So, the rapper known as Logic might be going by the alias Doc D (grow up) or Doctor Destruction and apparently has released new music 2 weeks ago. The internet is alleging that Logic has come out of retirement after a 6-month hiatus. If this is true, then I want to ask this; what is it about the entertainment industry that allows it to dig its claws into those who dare to step away, only to keep them under the spotlight until it says they’re done? Whether it’s music or sports, so many entertainers find it hard to step away for good. If I had a dollar for every time someone “retired,” only to resurface, well I’d have a decent amount of dollars. A nice lunch would suffice.
For those of you who are unaware, the rapper known as Logic, or perhaps, in this case, formerly known as Logic, retired from music back in July of 2020 in order to focus on fatherhood. A noble gesture, of course. Maybe the stars aligned and this was the perfect opportunity for Logic to exit stage left. The decision wasn’t so cut and dry with Logic just deciding to up and quit. According to reports, Logic signed a multi-year contract with the popular video game streaming service Twitch. The contract involved him creating content, with their platform acting as the distribution medium, and would be worth millions of dollars. Nobody has been able to report a specific number, but according to screenrant.com, the deal is worth north of 10 million USD.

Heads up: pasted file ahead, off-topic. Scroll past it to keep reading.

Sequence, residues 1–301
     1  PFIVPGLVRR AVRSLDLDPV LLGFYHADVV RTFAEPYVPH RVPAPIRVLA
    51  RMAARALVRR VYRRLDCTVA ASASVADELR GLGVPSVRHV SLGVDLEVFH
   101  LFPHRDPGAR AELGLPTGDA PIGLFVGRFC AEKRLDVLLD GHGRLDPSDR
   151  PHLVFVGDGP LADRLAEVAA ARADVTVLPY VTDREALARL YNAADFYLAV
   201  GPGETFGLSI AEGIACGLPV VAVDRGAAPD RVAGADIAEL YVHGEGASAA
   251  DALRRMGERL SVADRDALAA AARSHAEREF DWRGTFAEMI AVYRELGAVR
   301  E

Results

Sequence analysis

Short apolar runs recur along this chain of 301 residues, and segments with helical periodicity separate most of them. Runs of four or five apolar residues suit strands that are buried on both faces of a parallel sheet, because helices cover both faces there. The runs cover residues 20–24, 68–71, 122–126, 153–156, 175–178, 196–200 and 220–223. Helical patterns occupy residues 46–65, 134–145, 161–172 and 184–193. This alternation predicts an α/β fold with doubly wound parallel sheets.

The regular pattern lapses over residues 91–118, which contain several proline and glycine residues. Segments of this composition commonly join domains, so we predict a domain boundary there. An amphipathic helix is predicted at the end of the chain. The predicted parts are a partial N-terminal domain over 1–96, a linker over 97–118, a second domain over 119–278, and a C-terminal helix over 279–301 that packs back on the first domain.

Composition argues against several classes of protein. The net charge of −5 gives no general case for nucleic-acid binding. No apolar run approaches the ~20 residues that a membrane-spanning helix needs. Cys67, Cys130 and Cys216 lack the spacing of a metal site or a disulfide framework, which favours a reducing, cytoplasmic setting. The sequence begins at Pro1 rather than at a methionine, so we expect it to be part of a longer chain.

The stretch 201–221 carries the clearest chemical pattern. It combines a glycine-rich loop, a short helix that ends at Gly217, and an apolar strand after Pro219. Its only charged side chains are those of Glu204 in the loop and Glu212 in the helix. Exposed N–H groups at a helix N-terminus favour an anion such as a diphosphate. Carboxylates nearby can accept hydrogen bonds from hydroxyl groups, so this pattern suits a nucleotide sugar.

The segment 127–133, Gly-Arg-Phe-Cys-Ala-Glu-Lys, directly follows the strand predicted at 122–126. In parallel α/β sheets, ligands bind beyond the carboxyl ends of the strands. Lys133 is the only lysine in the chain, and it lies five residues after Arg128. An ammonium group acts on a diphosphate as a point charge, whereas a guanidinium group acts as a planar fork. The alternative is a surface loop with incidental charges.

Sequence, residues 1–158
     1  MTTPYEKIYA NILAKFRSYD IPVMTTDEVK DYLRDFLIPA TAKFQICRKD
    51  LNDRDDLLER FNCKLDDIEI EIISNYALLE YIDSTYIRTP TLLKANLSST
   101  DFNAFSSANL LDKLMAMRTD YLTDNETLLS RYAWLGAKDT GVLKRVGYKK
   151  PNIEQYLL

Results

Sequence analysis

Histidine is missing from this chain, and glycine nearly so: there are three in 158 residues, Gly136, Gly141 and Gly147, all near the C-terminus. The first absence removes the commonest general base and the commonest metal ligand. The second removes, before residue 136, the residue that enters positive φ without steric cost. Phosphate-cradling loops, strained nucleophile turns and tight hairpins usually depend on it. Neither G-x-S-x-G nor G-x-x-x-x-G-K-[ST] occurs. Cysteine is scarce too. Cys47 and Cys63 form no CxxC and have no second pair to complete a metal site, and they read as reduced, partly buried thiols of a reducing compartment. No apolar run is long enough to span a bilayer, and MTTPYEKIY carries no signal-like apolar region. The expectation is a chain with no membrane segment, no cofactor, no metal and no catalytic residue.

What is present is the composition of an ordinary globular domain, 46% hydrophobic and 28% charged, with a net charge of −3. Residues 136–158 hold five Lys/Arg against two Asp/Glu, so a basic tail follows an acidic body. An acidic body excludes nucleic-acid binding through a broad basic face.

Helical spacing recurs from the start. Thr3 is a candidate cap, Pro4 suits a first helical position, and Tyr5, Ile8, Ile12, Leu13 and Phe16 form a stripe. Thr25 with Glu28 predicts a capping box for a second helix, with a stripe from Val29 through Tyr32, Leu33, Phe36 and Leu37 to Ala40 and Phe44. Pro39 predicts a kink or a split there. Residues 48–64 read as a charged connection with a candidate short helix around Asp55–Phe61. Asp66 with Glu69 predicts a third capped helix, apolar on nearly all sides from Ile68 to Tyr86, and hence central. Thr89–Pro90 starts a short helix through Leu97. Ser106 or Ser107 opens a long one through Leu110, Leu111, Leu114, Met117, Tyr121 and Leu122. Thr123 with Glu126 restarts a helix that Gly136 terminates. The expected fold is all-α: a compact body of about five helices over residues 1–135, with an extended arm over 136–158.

Now, for those who may not be familiar with Logic the person, it is no secret that he is a self-proclaimed nerd. He loves everything involving nerd culture. He’s also expressed his love for gaming in his music and at one point even created a gaming channel on YouTube. So, with all of this being said, this should be viewed as a win for Logic because he gets to spend more time at home with his child and he gets to fully embrace his other passion in life, which is video games.
If only it lasted more than 6 months.
The man known as Doc D (Doctor Destruction) premiered a new project exclusively through Logic’s Twitch channel, before releasing it onto Datpiff. Fans immediately began to speculate that the new artist was actually an alter ego being used to create new material; all the while throwing any suspicious characters off his scent. With all of this commotion going on, I decided to take a listen myself.
I only needed to make it to track number two.